— Karen Ip

FW: What is your advice to acquirers on navigating the CFIUS process and maximising the chance of obtaining deal approval?

Falcone: Engage early. While not required by the regulations, CFIUS expects that the parties will submit a draft notice before filing the formal submission. This pre-filing enables parties to consult with CFIUS regarding potential concerns implicated by the transaction, and to address inquiries and requests for additional information from CFIUS without the timing issues in the formal review process. This also enables CFIUS to have an early discussion with the parties about the potential for restructuring or otherwise including measures to address security concerns, such as mechanisms to restrict access to certain technologies or to ensure how government contracts are handled.

Ip: While the CFIUS process is separate from political considerations, it is generally good practice to proactively manage both. Engaging a public relations firm during the strategic planning stage of an acquisition, for example, can ensure that company executives are not left fighting two fires – CFIUS review and public opinion – at the same time. This is perhaps the key lesson to be learned from Dubai Ports World’s failed 2006 acquisition, which passed CFIUS review but failed in the court of public, and political, opinion.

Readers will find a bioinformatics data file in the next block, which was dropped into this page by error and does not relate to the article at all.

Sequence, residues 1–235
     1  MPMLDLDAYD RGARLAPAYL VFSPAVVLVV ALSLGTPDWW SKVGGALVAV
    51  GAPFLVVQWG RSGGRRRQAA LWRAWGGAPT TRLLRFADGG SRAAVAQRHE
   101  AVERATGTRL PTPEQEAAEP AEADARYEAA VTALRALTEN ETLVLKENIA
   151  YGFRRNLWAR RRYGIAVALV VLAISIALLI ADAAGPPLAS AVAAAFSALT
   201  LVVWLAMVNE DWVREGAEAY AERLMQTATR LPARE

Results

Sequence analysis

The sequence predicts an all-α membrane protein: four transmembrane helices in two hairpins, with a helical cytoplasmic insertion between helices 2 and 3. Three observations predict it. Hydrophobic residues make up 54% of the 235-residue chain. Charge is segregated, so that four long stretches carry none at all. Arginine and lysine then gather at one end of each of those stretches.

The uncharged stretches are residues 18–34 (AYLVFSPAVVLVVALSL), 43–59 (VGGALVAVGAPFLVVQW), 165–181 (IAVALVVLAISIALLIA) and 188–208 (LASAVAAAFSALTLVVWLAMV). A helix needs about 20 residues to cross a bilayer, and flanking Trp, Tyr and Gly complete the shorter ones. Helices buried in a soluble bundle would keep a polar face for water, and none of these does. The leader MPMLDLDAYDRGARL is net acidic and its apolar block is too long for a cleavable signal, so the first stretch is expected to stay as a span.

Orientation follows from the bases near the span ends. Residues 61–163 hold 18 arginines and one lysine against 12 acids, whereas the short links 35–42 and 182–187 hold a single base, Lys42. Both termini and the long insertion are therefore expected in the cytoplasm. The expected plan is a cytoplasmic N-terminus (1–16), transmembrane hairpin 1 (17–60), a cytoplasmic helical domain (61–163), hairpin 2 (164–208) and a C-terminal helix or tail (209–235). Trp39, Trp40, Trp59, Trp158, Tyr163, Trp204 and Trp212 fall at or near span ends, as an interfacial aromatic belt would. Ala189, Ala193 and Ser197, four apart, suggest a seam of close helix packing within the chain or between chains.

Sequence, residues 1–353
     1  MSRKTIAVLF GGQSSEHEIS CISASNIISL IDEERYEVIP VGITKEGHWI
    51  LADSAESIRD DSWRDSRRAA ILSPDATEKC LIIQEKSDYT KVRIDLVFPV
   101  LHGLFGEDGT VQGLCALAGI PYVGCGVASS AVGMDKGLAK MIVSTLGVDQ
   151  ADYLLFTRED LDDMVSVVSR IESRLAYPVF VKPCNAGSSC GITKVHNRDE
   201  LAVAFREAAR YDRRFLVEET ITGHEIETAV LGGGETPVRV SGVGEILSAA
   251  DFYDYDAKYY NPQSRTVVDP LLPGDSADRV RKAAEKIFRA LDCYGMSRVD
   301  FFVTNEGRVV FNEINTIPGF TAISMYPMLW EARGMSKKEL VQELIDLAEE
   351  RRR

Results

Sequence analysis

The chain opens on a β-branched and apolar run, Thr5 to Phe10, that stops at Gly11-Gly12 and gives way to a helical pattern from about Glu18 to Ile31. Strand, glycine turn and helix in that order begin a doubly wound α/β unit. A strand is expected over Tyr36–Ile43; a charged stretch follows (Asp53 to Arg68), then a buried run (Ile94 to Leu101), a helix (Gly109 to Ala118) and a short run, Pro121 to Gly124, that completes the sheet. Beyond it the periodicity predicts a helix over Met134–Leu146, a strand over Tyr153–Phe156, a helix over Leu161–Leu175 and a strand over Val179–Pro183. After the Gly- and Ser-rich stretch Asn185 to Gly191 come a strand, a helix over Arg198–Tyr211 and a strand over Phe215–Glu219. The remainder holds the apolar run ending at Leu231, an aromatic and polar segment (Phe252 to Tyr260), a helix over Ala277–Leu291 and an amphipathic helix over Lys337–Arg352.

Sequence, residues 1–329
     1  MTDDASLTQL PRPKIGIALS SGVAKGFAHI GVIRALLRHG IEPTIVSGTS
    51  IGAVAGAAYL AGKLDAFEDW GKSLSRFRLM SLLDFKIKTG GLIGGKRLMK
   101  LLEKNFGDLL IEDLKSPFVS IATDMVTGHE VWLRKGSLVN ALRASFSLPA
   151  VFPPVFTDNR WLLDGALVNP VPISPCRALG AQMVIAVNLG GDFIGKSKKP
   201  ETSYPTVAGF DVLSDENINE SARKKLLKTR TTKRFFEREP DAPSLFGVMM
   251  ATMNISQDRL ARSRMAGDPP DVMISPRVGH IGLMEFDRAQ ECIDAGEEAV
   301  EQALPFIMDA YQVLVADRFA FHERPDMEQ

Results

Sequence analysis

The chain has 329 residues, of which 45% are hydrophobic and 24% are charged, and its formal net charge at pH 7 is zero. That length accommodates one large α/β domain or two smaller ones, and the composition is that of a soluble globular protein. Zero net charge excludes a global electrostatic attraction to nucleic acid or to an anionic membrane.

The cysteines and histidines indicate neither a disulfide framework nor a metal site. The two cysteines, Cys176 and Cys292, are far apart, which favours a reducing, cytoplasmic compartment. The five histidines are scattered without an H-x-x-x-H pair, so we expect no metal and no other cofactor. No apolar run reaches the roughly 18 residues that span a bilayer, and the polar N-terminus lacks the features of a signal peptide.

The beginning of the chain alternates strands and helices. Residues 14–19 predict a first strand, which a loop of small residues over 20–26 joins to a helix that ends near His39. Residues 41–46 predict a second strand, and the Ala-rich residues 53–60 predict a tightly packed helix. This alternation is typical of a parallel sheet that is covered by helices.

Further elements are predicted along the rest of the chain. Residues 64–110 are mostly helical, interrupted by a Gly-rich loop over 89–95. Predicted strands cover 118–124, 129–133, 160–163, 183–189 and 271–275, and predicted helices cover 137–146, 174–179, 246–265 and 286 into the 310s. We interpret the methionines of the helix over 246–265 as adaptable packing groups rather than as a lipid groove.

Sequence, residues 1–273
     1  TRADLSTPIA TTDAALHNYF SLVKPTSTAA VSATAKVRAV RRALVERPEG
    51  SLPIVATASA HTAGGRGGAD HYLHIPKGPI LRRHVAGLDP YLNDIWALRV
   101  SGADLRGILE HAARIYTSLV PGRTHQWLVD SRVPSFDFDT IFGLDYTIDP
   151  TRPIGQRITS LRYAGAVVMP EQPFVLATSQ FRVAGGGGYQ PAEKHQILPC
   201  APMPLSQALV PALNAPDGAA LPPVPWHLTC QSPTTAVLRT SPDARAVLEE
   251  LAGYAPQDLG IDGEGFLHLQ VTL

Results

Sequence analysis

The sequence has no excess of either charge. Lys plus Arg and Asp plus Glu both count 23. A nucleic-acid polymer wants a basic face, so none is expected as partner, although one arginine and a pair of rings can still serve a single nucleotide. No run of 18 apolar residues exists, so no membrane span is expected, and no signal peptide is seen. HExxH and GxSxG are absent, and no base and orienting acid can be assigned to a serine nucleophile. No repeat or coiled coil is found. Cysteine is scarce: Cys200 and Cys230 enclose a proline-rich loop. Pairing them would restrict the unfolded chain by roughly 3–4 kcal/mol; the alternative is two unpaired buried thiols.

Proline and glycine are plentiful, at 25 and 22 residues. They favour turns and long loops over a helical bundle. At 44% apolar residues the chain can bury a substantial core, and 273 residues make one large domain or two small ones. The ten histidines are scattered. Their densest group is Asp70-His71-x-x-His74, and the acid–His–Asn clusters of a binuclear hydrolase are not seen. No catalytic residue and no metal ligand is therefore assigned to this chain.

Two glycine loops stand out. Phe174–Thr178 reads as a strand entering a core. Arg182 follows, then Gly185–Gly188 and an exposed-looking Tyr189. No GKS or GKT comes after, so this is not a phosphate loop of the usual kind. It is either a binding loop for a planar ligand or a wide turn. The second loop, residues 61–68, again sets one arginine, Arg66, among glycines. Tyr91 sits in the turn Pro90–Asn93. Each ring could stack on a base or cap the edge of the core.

FW: What lessons can we draw from the outcome of recent CFIUS reviews?

Ip: There have been some high-profile deals in recent years, in particular by Chinese investors, that were withdrawn due to regulatory concerns. But, in 2012, China led all nations in the number of transactions submitted for CFIUS review, with 23, and over the past three years CFIUS filings by Chinese investors have more than tripled. Chinese investors have secured approval of high-profile acquisitions, most notably Shuanghui International’s 2013 acquisition of Smithfield Foods. And, despite its early failure to acquire Unocal, in early 2013 CNOOC obtained CFIUS clearance to acquire Nexen Inc. Thus, while CFIUS will continue to closely scrutinise transactions, recent experience shows that Chinese investors nevertheless can secure regulatory approval of their US investments.